We have suffered hundreds of thousands of pounds' worth of damage owing to the grave neglect, not of one class, but of employers and employed, to the gross neglect of the wage-earners and employers in certain cases—and after it all the Government produce a partially-compulsory scheme. Who is responsible for it? One Minister? Not on your life. Half-a-dozen different Departments share the responsibility, and even then the scheme is only to be carried out in a most extraordinary manner. Compulsion is to 109 be applied only in certain cases. There could not be a better example of how not to do things. I do not blame the Lord President of the Council. I think he has been very unfairly attacked. If any man is responsible for making this country safe from air attack and for the Civil Defence preparations it is the Lord President of the Council. Some other Ministers who were ready enough to criticise him when they were in Opposition, and talked largely about the great changes they would make whenever they got into the Government, are very much to blame to-day for the slackness and inefficiency displayed in the matter of Civil Defence.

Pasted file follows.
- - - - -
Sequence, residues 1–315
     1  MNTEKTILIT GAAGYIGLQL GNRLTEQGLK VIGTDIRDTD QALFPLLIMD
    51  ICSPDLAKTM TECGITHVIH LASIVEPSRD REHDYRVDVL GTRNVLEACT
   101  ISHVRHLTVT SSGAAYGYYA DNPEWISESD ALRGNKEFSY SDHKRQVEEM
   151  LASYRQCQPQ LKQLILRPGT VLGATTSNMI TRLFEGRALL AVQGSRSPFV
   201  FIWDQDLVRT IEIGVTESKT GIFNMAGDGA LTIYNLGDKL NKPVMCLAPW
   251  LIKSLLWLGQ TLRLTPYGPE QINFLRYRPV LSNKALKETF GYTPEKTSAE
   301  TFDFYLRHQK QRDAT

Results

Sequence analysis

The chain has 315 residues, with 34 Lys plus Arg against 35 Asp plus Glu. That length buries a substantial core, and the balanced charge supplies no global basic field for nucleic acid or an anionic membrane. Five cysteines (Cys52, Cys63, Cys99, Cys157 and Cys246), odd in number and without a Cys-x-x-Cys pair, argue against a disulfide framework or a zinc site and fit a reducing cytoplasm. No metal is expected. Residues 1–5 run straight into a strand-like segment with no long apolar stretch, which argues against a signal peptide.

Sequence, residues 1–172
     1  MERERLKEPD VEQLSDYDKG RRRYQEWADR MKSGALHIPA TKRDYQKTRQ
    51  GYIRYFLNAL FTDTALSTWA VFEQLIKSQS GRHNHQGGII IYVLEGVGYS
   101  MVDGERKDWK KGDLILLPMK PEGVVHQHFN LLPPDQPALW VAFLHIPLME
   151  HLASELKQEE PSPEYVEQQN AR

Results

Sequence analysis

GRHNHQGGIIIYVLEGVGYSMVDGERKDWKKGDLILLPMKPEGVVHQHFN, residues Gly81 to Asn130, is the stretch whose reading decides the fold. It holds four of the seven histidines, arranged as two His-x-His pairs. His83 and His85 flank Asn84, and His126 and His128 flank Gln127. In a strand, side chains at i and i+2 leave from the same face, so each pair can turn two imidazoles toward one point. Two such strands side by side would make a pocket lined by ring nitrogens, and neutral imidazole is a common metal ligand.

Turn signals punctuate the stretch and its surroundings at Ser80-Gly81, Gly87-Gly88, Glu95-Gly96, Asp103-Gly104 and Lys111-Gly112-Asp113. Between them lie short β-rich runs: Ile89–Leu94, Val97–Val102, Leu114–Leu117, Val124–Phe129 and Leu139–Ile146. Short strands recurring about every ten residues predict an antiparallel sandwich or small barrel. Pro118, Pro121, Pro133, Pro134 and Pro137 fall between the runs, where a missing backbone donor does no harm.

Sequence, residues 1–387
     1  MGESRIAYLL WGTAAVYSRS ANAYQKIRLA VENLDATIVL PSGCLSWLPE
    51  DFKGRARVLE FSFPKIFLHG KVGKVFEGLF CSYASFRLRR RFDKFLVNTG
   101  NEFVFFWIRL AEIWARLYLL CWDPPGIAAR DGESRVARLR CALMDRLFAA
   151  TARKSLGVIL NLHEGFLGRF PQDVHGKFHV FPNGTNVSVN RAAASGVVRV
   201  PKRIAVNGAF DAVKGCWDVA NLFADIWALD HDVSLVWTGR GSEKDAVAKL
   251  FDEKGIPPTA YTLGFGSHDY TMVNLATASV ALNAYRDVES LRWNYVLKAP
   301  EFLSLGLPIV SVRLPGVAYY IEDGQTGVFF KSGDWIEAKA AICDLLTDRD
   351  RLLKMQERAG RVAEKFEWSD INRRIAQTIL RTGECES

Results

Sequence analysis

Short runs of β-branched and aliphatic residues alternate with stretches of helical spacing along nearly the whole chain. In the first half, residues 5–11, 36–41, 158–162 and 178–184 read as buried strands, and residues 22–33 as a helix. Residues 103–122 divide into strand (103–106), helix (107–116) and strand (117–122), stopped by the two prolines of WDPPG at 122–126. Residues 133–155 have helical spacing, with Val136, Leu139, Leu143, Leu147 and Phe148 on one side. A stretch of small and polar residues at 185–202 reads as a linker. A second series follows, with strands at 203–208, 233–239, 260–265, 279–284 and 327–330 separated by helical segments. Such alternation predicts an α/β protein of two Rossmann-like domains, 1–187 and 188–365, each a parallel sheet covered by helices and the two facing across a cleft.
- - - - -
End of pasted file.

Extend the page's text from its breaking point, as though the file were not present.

Every one acknowledges that the Government, in the seven months in which they have been in office, have achieved great things. No one would want to deny that. And so they ought to have achieved great things, with the almost unanimous support of the House of Commons behind them, and with such support from public opinion as no other Government ever had, and with a leadership better than any Government have had since the days of the right. hon. Member for Carnarvon Boroughs (Mr. Lloyd George). In such conditions, and with the powers they have, it would be surprising if they had not achieved great things, although no one denies the Himalayan nature of the task which they were called upon to undertake. But they could, and, if the country is to be saved, they must, do more, and they will only do it if they will forget that they are Tory or Socialist or Liberal politicians. Political principles and the representation of special groups or class interests are as nought, like fading flowers in a vase. Ministers have been called to positions of enormous responsibility and great honour. They are not there as political representatives—at least I hope not. Personally, I do not care whether a Minister is a Tory, a Socialist or a Liberal; he might even be a Communist if he were winning the war for us. They are the chief executives of a great people, which is fighting the biggest fight of its life against a people fighting with the fanatical intensity of the Dervishes, and following a modern Mahdi, who is, like his prototype, of monstrous and murderous cruelty. We shall only overcome them by physical force, not by books and pamphlets or 110 speeches. Only if they are utterly defeated will they become peaceful citizens of the world, such as the Sudanese are to-day. Our motto must be "Work, work, work, supply and produce all the time."